Cliff Huxtable Sigmund Freud's Personality Term Paper

Total Length: 996 words ( 3 double-spaced pages)

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Cliff likes to challenge people to games, sometimes making bets. Yet when he loses, he does not take the situation too seriously. Cliff does not avoid conflict or argument, and yet he also tries to create win-win situations. Cliff is frequently portrayed as the voice of reason in the show, such as when he tries to talk his wife out of having another baby. He points out where his children are acting on their impulses, and proves to be a good disciplinarian. A psychoanalytic personality perspective suggests that Cliff Huxtable is an ideal person with a healthy, well-developed ego.

In the Cosby Show, the Huxtable children are developing their superegos based on what they learn from their parents and Cliff serves as an excellent role model for them. Cliff Huxtable is a well-adjusted man who does not demonstrate any apparent neuroses. Difficult emotions such as anger, fear, and embarrassment are raised in the Cosby Show, through the various characters. Cliff Huxtable shows remarkable wisdom when dealing with his children. For instance, in one episode he tells them that anger is a normal human emotion and that he loves his children even when they are feeling angry. Cliff also understands that the superego cannot always be happy, as when one of his daughters bombs during her music recital. Showing unconditional love, Cliff instills the kind of values in his children that will help them develop with minimal neuroses too.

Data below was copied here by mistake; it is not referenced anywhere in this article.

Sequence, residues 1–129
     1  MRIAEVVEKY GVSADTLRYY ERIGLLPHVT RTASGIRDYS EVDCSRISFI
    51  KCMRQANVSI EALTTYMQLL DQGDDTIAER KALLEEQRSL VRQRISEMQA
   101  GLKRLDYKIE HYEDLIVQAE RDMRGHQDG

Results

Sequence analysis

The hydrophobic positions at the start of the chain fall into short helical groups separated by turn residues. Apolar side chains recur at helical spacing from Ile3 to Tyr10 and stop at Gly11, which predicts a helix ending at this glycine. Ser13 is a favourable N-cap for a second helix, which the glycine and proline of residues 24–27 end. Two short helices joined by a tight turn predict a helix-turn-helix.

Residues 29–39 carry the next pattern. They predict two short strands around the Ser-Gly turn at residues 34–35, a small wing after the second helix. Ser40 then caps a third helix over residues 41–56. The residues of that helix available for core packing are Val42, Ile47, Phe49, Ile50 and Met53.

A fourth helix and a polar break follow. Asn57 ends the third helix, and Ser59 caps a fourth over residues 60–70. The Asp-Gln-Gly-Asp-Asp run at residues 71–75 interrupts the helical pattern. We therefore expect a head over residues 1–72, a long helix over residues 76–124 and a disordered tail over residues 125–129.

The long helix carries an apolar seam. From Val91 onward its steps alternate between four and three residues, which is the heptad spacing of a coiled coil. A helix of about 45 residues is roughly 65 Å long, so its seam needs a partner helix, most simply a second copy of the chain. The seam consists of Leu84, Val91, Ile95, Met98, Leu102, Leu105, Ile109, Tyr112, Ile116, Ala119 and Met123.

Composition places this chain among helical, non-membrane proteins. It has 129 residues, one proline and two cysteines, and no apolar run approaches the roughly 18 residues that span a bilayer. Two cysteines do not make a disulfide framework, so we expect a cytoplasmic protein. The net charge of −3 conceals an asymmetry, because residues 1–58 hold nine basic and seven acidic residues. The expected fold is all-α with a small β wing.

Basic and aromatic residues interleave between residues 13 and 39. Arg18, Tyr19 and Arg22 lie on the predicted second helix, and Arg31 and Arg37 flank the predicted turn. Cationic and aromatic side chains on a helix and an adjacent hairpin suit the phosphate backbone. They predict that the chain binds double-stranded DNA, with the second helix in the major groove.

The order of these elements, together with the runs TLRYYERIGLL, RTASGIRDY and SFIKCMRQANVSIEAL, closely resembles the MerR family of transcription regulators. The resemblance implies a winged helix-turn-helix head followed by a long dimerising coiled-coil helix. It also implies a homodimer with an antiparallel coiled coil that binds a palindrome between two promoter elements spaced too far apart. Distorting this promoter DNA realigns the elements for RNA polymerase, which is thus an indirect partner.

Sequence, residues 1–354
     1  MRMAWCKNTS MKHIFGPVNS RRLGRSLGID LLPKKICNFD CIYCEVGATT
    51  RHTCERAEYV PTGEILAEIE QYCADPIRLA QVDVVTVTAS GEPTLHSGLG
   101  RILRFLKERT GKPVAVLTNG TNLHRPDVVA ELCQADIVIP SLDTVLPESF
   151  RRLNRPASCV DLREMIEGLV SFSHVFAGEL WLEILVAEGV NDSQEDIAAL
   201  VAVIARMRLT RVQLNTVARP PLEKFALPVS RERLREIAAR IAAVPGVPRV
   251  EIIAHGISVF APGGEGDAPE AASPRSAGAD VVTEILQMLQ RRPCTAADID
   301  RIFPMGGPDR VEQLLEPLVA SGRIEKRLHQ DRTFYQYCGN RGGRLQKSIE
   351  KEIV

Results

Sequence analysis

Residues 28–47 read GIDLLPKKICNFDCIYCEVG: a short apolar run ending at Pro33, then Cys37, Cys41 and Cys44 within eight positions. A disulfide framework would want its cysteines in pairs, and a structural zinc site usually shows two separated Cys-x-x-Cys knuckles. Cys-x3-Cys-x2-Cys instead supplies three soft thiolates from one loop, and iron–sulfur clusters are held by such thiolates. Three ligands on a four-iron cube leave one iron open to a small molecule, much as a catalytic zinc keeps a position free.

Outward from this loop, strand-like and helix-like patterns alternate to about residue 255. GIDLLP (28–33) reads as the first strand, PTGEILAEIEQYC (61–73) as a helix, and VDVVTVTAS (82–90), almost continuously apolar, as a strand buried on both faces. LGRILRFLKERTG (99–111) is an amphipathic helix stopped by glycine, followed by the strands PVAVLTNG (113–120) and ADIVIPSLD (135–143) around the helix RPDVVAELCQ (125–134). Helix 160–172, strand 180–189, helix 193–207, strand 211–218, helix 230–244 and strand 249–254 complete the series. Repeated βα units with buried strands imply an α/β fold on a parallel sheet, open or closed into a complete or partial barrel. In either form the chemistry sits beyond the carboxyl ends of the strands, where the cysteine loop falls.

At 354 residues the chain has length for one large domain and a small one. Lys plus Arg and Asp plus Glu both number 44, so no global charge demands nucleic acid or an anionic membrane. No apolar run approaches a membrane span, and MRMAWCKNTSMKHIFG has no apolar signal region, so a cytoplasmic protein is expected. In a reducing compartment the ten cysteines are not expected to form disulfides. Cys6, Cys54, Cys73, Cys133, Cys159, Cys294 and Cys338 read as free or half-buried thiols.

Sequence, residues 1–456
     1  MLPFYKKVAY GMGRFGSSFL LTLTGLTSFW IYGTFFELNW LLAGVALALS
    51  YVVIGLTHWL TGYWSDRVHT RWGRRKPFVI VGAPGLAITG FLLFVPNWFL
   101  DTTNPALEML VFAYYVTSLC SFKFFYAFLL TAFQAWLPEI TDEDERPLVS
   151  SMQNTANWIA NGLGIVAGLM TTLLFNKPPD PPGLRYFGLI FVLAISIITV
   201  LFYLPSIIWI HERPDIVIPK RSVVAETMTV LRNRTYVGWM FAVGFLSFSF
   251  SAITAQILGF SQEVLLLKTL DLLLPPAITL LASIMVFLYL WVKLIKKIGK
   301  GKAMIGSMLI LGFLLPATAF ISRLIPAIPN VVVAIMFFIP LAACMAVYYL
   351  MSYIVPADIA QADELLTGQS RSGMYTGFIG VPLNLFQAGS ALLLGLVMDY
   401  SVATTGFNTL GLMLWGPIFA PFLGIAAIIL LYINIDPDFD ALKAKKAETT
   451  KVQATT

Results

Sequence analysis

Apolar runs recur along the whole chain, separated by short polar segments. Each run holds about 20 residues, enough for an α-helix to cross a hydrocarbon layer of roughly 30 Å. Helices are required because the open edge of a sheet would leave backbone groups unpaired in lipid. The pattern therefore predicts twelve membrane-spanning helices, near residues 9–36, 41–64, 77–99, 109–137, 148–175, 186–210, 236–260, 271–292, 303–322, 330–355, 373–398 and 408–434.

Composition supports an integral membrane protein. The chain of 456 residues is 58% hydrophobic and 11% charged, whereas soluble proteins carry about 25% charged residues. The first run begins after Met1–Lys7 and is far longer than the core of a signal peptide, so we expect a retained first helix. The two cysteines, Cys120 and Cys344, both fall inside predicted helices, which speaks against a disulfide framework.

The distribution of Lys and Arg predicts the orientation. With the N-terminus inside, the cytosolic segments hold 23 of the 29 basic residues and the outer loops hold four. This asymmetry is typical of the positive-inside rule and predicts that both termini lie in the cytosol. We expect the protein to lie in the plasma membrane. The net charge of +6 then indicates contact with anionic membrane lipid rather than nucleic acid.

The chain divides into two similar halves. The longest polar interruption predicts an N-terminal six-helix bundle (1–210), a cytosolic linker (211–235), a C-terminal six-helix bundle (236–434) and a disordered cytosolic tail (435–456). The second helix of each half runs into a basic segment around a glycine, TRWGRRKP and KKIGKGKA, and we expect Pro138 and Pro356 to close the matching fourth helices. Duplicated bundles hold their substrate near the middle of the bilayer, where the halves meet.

Although loosely based on Bill Cosby himself Cliff Huxtable is an idealized human being.
The television character is fun-loving but not driven by his id impulses. Cliff Huxtable has a strong sense of personal pride, which is why he has a desire to win at chess. Yet his superego does not create conflicts in his personality. All three parts of Cliff Huxtable's personality are well-integrated, which is why he is a healthy and balanced person as well as a good father and role model.

Moreover, the Cosby Show is a comedy. Cliff's character is developed via funny and often outrageous episodes that are wholly unrealistic. For example, in one episode Cliff cuts a large piece of cake and pretends it is for his daughter. Not only does he try to deny wanting to eat the cake, Cliff also stuffs a paper towel into the cake to make it look like it is intact. The scene shows Cliff's childlike nature -- his id. He wants the instant gratification that comes from eating the cake now rather than waiting for his wife Claire to come home. Cliff's superego is also evident in this scene as he knows that he is doing something wrong -- which is why he tries to hide the evidence. His ego is the balancing force between the two, as he comically covers up his act.

Reference

Stevenson, D.B. (1998). Freud's division of the mind. The Victorian Web. retrieved April 30, 2010 from http://www.victorianweb.org/science/freud/division.html.....

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